Editorials

Our Voice: State labor negotiations need revamping

Closed-door contract negotiations between Gov. Jay Inslee and the Washington Federation of State Employees started last week, and once again taxpayers and legislators are left in the dark over how these talks might affect the future state budget.

In 2014, state employees received a 4.8 percent raise at a cost of $58.4 million, according to a report by the Washington Policy Center.

Many state workers are dedicated employees providing valuable services and our state couldn’t function without them. They should be compensated fairly.

But since it is public money paying their way, the public should be aware of how their pay is being negotiated.

Unfortunately, that’s not how it works.

State salaries and benefits are being hammered out in secret. Legislators will be able to approve or reject the final deal during next year’s session, but that is the only input they are technically allowed.

In addition, union members often only know what they are told by their representatives, so they also are kept in the dark about the give-and-take during contract talks.

This whole process is a recipe for suspicion, and puts the governor’s office in a position of bargaining with a labor union that can make campaign contributions.

No one elected official should have that much power over such a significant amount of taxpayer money.

Attempts have been made in recent years to change the process legislatively, but so far those proposals have gone nowhere.

We hope that next session, after this latest round of state employee contract talks, legislators will find a way to bring balance and openness to this lopsided system. They need to restore their authority over state employee pay so they no longer are cut out of budget negotiations totaling millions of dollars.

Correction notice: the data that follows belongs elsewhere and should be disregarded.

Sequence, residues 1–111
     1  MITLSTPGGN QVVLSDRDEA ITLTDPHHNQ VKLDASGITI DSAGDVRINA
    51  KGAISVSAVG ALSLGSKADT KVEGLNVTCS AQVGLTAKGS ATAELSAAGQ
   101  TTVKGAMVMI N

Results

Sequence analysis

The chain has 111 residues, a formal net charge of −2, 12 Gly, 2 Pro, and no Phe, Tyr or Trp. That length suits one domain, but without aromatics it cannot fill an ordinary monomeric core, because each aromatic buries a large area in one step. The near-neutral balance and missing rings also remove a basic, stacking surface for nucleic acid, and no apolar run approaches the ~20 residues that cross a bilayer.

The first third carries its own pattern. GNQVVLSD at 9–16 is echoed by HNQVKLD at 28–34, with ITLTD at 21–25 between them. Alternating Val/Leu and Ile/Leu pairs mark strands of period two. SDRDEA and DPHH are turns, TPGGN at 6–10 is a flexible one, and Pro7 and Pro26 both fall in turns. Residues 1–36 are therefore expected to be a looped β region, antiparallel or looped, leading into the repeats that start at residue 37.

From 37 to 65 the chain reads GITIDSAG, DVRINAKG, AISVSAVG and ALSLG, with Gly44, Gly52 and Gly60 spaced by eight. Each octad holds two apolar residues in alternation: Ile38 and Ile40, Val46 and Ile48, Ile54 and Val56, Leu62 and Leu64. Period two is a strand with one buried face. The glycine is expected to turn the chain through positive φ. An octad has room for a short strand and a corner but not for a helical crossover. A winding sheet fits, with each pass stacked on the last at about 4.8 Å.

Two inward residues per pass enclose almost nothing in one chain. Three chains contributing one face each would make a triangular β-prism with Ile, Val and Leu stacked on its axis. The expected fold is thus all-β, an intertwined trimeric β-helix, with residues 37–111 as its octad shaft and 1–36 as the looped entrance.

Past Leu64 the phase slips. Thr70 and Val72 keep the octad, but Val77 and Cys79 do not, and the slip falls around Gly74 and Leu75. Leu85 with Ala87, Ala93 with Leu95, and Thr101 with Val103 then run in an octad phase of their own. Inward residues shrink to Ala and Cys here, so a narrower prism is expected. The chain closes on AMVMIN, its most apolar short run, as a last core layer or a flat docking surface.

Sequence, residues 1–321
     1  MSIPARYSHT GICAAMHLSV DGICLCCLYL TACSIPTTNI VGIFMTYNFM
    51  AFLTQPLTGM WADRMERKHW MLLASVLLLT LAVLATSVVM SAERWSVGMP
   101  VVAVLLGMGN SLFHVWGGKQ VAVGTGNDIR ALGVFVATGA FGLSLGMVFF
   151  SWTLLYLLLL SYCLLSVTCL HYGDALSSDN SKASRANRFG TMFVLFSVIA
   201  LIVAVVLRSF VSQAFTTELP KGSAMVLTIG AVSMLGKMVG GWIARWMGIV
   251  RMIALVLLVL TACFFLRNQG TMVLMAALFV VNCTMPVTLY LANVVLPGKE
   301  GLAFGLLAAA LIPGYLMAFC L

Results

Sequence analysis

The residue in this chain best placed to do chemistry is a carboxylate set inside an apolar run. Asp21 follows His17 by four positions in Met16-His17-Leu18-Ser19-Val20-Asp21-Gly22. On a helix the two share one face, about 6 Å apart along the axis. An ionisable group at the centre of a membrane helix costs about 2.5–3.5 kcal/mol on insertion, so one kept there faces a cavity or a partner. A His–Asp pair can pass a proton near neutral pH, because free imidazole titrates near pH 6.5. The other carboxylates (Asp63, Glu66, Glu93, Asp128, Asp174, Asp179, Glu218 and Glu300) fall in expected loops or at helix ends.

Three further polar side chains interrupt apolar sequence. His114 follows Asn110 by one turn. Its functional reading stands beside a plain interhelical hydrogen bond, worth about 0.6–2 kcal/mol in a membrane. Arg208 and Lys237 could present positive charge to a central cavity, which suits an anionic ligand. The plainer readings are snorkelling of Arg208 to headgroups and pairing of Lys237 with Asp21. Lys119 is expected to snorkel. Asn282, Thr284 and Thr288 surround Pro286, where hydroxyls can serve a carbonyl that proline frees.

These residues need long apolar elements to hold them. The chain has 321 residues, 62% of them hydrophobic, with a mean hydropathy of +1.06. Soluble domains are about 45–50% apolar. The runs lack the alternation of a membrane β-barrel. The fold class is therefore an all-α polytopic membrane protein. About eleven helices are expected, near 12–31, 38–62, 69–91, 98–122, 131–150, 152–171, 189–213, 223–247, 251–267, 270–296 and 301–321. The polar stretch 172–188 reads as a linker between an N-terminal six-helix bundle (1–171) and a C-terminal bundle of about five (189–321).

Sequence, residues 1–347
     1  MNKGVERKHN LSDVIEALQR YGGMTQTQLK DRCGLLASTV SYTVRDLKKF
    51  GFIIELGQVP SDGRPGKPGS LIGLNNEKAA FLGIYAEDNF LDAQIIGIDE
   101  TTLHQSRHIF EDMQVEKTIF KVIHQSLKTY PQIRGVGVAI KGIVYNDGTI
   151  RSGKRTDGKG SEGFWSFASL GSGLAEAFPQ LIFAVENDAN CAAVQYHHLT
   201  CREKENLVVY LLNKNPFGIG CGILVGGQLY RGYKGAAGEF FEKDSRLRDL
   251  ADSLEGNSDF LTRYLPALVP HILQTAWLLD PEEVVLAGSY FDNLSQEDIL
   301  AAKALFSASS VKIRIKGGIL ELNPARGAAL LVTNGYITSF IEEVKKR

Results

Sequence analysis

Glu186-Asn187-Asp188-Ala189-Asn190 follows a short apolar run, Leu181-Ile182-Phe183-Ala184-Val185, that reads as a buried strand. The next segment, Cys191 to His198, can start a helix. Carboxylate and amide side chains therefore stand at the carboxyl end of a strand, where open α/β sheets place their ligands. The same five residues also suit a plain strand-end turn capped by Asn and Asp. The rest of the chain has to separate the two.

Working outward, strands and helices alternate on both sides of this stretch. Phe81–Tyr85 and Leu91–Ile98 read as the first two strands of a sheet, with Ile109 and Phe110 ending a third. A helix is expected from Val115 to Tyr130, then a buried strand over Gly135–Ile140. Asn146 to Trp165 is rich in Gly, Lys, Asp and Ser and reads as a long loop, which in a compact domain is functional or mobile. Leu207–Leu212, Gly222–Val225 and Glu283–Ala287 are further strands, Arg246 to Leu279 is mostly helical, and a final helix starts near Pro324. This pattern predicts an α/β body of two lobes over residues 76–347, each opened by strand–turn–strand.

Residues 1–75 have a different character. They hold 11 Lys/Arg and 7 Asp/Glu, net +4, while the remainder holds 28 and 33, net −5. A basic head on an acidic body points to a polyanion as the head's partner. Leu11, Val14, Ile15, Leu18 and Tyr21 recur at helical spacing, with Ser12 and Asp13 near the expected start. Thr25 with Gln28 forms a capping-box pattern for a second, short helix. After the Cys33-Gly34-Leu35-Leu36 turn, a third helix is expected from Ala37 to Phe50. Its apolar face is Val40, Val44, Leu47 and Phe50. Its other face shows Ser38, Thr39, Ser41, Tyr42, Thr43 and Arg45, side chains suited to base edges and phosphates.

It wasn’t always this way. The shift came in 2002, when Gov. Gary Locke signed a bill intended to reform the state’s civil service laws. It went into effect two years later, and that was the first time state workers were able to negotiate salary and benefit increases directly with the governor’s office in private meetings.

The events leading up to the change included concessions on both sides of the aisle. The Republican at the time wanted the ability to contract with private industry instead of being forced to always use state workers. Meanwhile, Democrats wanted to appease the unions by allowing collective bargaining.

What we have ended up with since is an experiment that isn’t fair. Legislators used to be able to weigh state employee compensation in the context of the entire budget, line by line, and prioritize accordingly. Now, the state salary contract appears to carry more weight because it is set first.

Other states, particularly Idaho, have shifted to making public contract negotiations as transparent as possible. In Colorado, a proposition approved by voters in 2014 has led to open bargaining meetings between teacher unions and school boards.

If other states can find a way to lift the veil of secrecy over public labor talks, Washington should be able to as well.

Union representatives have their own interests at heart. Representing the taxpayer is a responsibility too huge for one elected official, especially when the process is a closed one.

Lawmakers need to find a way to open up state employee contract talks and take back the fiscal authority they gave away 14 years ago.

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